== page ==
are. You may have to pay them more than once, and again later if their
allegiance has shifted away from you.

Watch out for the Satirist, who stands at the north gate to the Forum and
denounces you. Any who hear him will be swayed somewhat by his diatribe. Pay
him, and he'll start to denounce your opponents instead, but only for a

If you own a slave girl, give her away (USE:SLAVENAME)Ż such a gift is
certain to win a friend.

Sponsoring a play has a very good influence on those who go to it. Find a
poet and pay him. Time this carefully, you don't want them to play to an
empty house because it conflicted with an auction or games.

Paying the priest to pray for you is helpful, but don't overdo it!

A success in the Games, especially against one of your opponents is a really
good way to sway the audience. Failure, on the other hand, or even just
letting your opponents be the victors against others, is not a good idea.

If you borrowed money earlier, then the moneylender (an opponent) will ask
for it back now. If you decide not to pay him, he'll stand outside the
Baths, denouncing you to all who listen.

Finally, you should choose the right moment to go to the Emperor and call
for the election (DO:ELECTION). If you leave it to Laborius, he'll do it at
a moment that suits him; you may want to call it while you're ahead. Go to
the Senate and watch the votes being cast.

Level 5: Egypt...

The object of this level is to protect Cleopatra from attack. Many of the
hints for Britain apply here, too, but there are differences.

Your men consist of one crack unit of Romans, and three of less potent
Egyptians. Use the Egyptians as cannon-fodder and keep your Romans as an

There are three units of enemy troops, who'll arrive in one or two groups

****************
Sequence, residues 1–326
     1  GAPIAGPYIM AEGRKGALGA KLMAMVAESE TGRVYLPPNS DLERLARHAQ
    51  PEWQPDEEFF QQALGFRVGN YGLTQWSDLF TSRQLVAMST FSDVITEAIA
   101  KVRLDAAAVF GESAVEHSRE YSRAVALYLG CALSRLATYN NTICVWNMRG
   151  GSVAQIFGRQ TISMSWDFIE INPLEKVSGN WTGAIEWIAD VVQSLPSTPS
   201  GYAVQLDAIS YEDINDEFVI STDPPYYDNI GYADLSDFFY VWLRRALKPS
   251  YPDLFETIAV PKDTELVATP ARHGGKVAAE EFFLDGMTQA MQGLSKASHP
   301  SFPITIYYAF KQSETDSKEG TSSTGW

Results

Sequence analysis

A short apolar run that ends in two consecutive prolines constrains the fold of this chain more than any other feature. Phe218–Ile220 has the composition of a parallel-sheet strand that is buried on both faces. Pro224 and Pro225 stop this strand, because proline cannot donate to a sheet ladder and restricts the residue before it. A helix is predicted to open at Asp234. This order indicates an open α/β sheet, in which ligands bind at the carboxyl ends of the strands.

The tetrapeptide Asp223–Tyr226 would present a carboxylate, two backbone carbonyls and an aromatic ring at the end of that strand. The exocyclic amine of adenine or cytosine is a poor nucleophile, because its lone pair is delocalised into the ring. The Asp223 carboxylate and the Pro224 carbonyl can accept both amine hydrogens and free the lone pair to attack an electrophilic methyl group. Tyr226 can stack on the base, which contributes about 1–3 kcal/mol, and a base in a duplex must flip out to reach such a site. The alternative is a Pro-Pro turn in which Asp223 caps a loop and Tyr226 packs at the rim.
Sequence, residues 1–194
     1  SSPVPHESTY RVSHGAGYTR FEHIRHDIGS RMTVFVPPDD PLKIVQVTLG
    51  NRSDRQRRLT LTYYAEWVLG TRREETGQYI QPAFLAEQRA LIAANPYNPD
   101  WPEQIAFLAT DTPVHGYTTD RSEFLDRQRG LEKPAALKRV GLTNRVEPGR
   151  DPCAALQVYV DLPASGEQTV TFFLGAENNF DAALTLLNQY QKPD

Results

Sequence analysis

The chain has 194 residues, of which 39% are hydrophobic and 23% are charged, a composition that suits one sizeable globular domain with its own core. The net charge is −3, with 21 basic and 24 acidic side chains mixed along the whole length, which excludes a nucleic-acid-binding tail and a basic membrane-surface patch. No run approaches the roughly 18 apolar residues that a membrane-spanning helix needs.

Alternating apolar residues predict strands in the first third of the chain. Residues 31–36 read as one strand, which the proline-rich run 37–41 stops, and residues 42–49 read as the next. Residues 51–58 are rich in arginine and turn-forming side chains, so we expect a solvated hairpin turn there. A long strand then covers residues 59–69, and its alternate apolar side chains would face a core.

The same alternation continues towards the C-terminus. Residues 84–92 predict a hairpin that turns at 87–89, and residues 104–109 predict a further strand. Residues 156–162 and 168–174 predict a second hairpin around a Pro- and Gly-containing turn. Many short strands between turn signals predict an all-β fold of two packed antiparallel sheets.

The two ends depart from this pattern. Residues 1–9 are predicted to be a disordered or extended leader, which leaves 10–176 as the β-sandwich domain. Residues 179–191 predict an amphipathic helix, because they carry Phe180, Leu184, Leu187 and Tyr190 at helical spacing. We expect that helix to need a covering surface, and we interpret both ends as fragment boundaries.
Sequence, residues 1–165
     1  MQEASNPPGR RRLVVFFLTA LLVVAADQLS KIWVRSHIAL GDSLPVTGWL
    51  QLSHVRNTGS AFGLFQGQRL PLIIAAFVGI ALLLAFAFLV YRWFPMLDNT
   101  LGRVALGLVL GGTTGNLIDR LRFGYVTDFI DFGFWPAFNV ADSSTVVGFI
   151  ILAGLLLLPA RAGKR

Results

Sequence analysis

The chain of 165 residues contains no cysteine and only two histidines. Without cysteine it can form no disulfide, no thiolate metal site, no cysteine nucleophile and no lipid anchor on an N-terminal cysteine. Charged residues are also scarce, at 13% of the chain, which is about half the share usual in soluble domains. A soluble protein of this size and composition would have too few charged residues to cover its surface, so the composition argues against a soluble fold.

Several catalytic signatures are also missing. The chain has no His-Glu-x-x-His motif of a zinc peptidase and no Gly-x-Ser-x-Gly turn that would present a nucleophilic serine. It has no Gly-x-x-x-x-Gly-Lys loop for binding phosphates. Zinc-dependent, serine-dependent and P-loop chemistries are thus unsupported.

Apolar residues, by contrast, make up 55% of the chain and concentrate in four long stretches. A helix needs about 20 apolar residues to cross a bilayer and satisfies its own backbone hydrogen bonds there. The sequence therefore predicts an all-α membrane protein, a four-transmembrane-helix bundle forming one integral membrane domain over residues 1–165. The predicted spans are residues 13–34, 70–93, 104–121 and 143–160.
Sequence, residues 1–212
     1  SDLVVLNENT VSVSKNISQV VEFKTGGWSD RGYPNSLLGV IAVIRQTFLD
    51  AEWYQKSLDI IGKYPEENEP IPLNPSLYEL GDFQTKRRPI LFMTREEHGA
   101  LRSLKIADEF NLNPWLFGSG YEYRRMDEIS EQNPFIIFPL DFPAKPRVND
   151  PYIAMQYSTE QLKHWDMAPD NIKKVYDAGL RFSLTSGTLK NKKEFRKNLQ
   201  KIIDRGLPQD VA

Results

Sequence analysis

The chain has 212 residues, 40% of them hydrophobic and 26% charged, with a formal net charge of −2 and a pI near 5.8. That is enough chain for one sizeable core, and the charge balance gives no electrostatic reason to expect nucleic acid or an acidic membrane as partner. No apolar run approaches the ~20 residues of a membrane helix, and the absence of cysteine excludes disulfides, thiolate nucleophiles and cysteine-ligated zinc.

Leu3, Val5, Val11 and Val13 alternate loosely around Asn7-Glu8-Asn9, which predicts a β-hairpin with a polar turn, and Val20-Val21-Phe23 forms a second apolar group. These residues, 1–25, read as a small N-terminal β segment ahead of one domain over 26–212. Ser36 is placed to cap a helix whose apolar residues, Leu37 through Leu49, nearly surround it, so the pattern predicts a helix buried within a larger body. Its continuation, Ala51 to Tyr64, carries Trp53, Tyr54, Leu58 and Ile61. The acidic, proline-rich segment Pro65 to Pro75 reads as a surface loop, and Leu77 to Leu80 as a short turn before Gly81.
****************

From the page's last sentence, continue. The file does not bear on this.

from somewhere at the west of the map. The enemy are always visible on the
map viewŻ no need to put people on watch. The enemy will follow one of
several routs towards the palace; some fast, some slower, with more places
to rest. They may well attack on two fronts, so watch your back.

The most important element in your strategy should be to be aggressive, to
go out and meet the enemy as far from town as possible. Once the enemy are
inside the walls of the town, they are very hard to catch, and it only takes
them a few seconds to slip past you and attack the palace. You may, however,
want to place a unit of two in strategic locations in and around the town;
put them on guard (ORDERS:GUARD) and they'll attack on sight. The main
strategic points are the three bridges across the Nile. You may be able to
beat the opposition across the correct bridge and use it as a point of
defense, or you may meet them as they cross it. The enemy will not attack
you unless provoked; they'll simply walk past you. Try to attack them when
they are tired or resting or both. Try to second-guess their route.
Attacking them inside buildings isn't much use, as your men tend to spill
around the outside, rather than go in (a failing of the system that can't be
helped). If you must attack inside a building, get your men to follow you in
before calling the attack.

Perhaps plant your standard near the Palace, then you can RALLY the troops
as a quick way of returning to defend the palace if things start to go bad.
If you can dishearten the opposition enough, they'll tend to retreat to
previous positions, and you'll find it easier to pick them off.

This level tends to be hard; this is intentional.

Level 6: Rome (one more time)...

This level is short and straightforward, as a reward for getting through
Egypt. All you have to do here is assassinate the Emperor (who's gone mad)
and grab power. There are a couple of new things to watch, e.g., the Emperor
takes part in games, but mostly this is just a short section.

You can kill the Emperor yourself, using the dagger you bought in level one,
or you can employ an assassin to do it for you.

If you kill the Emperor straight away, however, then Gaius, the other
consul, will compete with you for power, and win (try it). Therefore, you
will need to dispatch Gaius first. Be careful doing this, as any witnesses
will run for the guards and have you arrested (unless they are on your
side). You may prefer to use an assassin to kill Gaius, and leave the
pleasure of killing the Emperor to Hector.

To use the assassin, find one, then pay him 100 sesterces (DO:PAY:assassin)
and he will follow you around. Show him who you want him to kill by using
USE:ASSASSIN:target, then watch from a safe distance.

Once you've assassinated everyone you need to do in, the people will gather
you onto their shoulders and proclaim you emperor. At this point, after a
short interlude, the game is over and you've won!